For schools all over the country, the countdown to the last days of school has begun. There is still a lot to accomplish, but in the waning days of the school calendar, there is a lot to ponder for teachers, administrators, and students.
In the quiet of the early morning before the hustle and bustle of teachers rushing to their classrooms and before the halls fill up with students, there’s a veteran principal walking down the silent hallway reminiscing about all great things that have happened on campus as she prepares to retire. She’s been in education for 30 years, as a principal for 20 of those years.
She’s seen education evolve, the good and the bad. She has retirement plans, and she certainly won’t miss the long hours, endless paperwork, angry parents, or campus “drama,” but there’s a tug at her heart when she thinks about how little time she has left on this campus where she has seen so many students blossom. She’ll savor every second of the last few weeks. She’ll cherish the memories of a long, meaningful career in education.
At the same time, on another campus, there is a first year principal staring at the mound of papers on his desk, wondering if he’s even made a difference on campus this year. Has he really made a positive impact anywhere?
He spends so much time on the administrative tasks, handling issues and meetings that he hasn’t spent enough time interacting with teachers and students in classrooms. This year has just been rough! His days are filled nearly 24/7 with school, and he hasn’t spent nearly enough time with his family.
His own children are growing so fast, and he’s essentially missed most of their milestones and activities this year. Maybe he should find a good mentor. Maybe he should return to the classroom to inspire and fuel students’ passion for science. At least he knew he was making a difference in the lives of children when he taught in the classroom. So much to think about.
On a high school campus across town, a teacher is unlocking the door to his classroom. He gazes inside and sees all the equipment ready for the students to create culinary masterpieces.
He thinks about how fortunate he was to be part of the first year on this brand new Career and Tech campus. He’s so proud of his students and all they’ve accomplished. A few have realized that this isn’t the path for them, and he’s been happy to help them move on to other programs.
As students begin filtering the room, the energy and excitement is contagious. He wishes the year wasn’t almost over, but he’s already got big plans for next year.
In a car on the way to the high school, a group of seniors excitedly discuss all the events happening in the coming weeks.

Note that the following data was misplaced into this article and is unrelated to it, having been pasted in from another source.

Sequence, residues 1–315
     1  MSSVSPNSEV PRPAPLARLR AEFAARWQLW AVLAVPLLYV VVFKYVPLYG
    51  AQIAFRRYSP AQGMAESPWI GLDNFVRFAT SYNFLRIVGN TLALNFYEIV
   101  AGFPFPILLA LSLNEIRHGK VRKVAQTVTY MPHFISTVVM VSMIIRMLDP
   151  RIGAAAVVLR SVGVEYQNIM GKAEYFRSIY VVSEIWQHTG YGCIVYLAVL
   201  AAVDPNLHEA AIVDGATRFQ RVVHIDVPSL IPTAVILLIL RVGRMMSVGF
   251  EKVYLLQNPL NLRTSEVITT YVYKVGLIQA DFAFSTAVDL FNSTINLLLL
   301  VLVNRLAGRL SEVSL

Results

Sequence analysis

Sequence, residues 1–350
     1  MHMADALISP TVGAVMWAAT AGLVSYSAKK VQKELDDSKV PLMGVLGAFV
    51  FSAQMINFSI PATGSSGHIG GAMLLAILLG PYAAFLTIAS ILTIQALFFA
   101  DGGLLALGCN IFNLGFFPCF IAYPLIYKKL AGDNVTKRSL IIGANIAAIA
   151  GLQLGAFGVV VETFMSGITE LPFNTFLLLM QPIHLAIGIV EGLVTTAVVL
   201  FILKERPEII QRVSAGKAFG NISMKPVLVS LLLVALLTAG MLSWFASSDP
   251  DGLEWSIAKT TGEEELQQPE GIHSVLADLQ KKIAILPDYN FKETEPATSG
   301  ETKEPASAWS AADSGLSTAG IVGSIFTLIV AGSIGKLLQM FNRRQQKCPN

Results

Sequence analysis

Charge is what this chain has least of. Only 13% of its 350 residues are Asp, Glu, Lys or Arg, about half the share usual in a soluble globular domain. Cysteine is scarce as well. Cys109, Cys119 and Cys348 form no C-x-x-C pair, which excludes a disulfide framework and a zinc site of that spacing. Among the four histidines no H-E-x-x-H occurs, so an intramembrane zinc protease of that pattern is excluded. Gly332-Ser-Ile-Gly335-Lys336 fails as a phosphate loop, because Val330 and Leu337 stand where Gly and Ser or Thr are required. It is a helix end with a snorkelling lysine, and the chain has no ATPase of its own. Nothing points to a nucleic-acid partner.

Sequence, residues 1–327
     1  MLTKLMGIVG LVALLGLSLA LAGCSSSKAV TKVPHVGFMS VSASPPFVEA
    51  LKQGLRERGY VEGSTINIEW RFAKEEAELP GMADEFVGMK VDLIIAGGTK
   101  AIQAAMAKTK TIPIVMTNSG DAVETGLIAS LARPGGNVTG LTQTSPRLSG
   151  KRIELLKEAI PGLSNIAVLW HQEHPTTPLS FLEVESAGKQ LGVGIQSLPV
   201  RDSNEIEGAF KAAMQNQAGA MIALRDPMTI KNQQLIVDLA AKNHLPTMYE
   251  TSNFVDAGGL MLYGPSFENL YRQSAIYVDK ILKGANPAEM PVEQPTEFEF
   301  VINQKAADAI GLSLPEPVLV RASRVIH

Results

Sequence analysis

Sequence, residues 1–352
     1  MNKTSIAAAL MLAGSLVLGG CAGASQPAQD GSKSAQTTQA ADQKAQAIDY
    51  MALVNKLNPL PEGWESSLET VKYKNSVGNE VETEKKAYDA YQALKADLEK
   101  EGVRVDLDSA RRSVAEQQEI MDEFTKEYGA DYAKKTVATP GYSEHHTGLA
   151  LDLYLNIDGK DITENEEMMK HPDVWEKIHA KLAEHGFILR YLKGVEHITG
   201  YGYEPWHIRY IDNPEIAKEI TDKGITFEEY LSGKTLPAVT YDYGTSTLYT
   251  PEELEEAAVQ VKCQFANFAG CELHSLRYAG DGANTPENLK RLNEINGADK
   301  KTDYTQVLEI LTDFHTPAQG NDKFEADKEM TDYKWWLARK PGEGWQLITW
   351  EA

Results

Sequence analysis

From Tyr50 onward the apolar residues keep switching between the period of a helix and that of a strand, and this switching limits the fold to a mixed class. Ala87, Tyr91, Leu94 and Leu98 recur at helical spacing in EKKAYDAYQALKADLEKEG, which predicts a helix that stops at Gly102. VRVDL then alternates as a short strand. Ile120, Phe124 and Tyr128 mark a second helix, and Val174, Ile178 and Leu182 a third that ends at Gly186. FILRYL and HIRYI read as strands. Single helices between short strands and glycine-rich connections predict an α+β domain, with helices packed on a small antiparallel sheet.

There’s prom – who is going and who are they going with? Who’s throwing a graduation party? Or should they have one big party together? They’re talking about college and how much they’ll miss each other.
They’re excited but a little nervous. After all, they’ve gone to school together most of their lives, and in a few short weeks, they’ll be facing new adventures in uncharted territory.
On planning time, a second grade teacher who just found out she’ll be on an improvement plan next year sits at her desk sobbing with her head on the table. So many thoughts run through her head. She’s worked so hard all year, but she knows she’s been swimming upstream. She struggles to maintain order in her classroom,and she has to admit her students have basically run the “zoo” all year.
She’s not the teacher she hoped to be. This is harder than she ever dreamed it would be, but that’s just it, all she’s ever dreamed of is becoming a teacher. Can she survive the rest of the year and come back stronger next year? How can she do that? Should she just throw in the towel and move on? Move on to what? For now, she’ll have to get it together and finish the year.
As the school bus pulls away from school, a third grade student sighs. He knows in just a few short weeks, he won’t get to see his teacher anymore. She’s nice to him, and she makes him feel safe.
He thinks about how much he’ll miss hot meals and snacks. The food at school is so good. He doesn’t have many friends at school, but he’ll miss them because there aren’t any kids to play with in his apartment complex. A tear runs down his cheek as he thinks about the long, lonely summer.
The end of the school year is always a time of mixed feelings, perspectives and change.
Teia Hoover Baker is an educator, published author, and entrepreneur. She is an innovative, devoted educator whose career has been dedicated to coordinating programs that support struggling learners. Her passion is meeting students where they are and guiding them to excel. Her main focus is always what is best for children. Teia holds a Bachelor’s in Journalism and a Master’s of Education. In her spare time, she enjoys being Lovie to her growing grandchildren.